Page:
Why Burning Fat Stores is harder to Achieve over the Long Haul

Many people go into a diet/exercise program with big hopes that burning the fat off can be extremely simple if they only follow the simple rule of burning off more calories than they ingest.

And while this rule is certainly one to follow, the results can make it seem a little misleading.

Have you ever heard about that dreaded diet “peak”? This is when you body adjusts to the dietary changes and your weight-loss is slowed down – sometimes only a little and sometimes to almost a complete stop.

Your diet is still technically working; it’s just not working as well. You are still burning fat; your body’s just not burning a lot of it.

Why does this happen? It all has to do with the types of fuel your body uses to drive it. Your body needs energy, and it may not always take it from those fat stores you’re hoping to burn off. Instead, it might be taking it from another source and thus leaving you having to put in the extra work to get rid of that accumulated fat.

Fuel the Body Uses

Your body takes its energy from three key nutrients – protein, fat and carbohydrates. Carbs are broken down into sugars, fats are broken down into fatty acids and glycerol, and protein is broken down into amino acids.

First and foremost, your body is looking to burn glucose as energy. While you have ample sugar in your system, your body is not going to dip into those fat reserves. And even cutting sugars out of your diet by a significant amount will not ensure a long-term fat-burning result. That dreaded “peak” is coming and your body may start using more proteins for fuel, especially on high-protein plans.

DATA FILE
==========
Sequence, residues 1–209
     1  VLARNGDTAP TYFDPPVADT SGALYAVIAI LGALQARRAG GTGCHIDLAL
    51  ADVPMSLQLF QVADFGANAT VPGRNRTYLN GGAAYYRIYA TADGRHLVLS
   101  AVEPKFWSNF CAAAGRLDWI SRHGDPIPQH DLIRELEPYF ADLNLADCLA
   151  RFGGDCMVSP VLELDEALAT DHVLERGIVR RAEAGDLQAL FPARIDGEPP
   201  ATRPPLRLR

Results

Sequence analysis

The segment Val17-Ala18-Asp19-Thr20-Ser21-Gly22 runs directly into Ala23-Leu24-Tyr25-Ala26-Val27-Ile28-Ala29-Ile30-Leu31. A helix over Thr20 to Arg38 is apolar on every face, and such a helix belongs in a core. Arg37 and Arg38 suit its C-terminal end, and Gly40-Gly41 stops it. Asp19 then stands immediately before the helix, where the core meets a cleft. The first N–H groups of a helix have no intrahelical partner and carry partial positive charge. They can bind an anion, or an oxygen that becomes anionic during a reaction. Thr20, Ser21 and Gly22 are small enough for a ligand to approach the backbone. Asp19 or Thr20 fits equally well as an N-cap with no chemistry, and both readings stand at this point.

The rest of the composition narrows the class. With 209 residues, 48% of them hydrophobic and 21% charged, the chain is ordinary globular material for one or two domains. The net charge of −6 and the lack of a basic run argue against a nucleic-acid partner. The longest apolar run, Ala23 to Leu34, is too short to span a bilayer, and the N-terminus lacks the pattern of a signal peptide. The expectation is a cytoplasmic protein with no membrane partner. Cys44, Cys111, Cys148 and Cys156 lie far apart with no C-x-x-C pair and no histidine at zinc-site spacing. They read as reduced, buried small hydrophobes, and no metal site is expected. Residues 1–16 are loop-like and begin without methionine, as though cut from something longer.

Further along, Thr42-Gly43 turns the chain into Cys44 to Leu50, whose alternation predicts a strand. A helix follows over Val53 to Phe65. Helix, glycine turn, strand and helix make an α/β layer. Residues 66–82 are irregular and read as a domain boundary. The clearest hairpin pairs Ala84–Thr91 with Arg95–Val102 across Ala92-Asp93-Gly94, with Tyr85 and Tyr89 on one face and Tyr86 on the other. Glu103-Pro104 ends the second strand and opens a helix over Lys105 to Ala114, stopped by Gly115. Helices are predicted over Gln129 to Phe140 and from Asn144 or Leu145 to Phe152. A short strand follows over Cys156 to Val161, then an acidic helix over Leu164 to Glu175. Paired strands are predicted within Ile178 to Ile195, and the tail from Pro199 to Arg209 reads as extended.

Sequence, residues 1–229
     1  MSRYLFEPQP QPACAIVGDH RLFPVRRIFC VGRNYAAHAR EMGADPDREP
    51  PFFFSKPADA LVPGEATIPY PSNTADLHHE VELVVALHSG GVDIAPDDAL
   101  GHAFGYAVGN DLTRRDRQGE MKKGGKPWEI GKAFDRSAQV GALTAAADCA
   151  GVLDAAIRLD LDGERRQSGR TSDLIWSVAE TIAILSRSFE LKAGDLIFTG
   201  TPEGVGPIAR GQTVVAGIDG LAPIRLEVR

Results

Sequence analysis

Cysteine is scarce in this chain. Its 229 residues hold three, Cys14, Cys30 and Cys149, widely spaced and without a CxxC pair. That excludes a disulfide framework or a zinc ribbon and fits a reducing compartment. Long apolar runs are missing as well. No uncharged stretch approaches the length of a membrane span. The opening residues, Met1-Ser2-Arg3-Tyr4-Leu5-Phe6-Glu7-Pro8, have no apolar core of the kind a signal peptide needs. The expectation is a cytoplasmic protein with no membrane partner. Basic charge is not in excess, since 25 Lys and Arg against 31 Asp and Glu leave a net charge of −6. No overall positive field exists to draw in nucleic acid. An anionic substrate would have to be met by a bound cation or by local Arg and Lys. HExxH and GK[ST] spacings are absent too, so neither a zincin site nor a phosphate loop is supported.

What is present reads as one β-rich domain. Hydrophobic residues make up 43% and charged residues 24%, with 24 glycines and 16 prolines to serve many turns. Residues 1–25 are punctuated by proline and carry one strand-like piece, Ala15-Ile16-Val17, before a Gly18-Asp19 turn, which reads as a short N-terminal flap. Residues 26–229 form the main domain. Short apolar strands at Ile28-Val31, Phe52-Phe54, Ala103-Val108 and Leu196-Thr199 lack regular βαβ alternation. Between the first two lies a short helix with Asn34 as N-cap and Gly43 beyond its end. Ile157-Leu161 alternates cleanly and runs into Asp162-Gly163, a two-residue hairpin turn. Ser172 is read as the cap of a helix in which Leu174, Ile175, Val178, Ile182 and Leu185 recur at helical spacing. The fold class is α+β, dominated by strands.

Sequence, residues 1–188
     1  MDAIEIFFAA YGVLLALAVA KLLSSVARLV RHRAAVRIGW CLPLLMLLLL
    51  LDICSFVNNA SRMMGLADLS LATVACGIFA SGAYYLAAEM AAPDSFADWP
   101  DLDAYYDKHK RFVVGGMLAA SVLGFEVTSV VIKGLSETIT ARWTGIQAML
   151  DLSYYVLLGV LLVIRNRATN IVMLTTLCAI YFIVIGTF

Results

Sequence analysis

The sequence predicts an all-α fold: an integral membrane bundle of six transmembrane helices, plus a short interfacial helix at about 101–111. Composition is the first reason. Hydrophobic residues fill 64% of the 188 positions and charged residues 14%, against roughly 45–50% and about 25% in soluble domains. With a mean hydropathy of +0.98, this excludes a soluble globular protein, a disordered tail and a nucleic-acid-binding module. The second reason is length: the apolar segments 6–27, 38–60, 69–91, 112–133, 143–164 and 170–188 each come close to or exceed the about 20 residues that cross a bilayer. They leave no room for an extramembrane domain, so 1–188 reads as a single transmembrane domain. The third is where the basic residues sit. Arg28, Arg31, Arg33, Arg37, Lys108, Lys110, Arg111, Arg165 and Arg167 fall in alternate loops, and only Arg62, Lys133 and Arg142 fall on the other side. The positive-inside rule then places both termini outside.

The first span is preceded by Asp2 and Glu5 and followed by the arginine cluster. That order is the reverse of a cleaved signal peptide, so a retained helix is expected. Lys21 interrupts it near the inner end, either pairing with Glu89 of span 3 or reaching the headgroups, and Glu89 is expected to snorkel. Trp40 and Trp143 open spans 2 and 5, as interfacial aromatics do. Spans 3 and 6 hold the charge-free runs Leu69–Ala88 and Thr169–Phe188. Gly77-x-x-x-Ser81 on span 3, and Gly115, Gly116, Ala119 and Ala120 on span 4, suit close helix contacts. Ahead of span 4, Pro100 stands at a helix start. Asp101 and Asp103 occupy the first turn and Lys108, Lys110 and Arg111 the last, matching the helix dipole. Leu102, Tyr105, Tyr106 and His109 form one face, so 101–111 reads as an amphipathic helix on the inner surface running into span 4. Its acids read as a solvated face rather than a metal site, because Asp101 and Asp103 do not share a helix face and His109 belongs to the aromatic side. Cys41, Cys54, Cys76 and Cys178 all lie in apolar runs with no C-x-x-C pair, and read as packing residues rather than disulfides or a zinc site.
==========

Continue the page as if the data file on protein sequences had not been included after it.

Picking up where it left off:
How to Get Over the Hump

So, since the body is able to use a few different fuels, how do you get over that hump and start burning off fat reserves? Well, it might sound a little cliché, but the trick is to stick with a balanced diet and an exercise regimen.

You will have to expend more energy than what your body is taking in, end of discussion, if you want to start busting open those fat stores for energy. This means: when the process slows down, you exercise more; you pay more attention to what you’re eating so that your body doesn’t have enough new energy to run itself.

By knowing how your body creates energy, you can stay in front of your diet and make sure you’re burning fat stores. It might not be as quick as you wanted, but it will happen.

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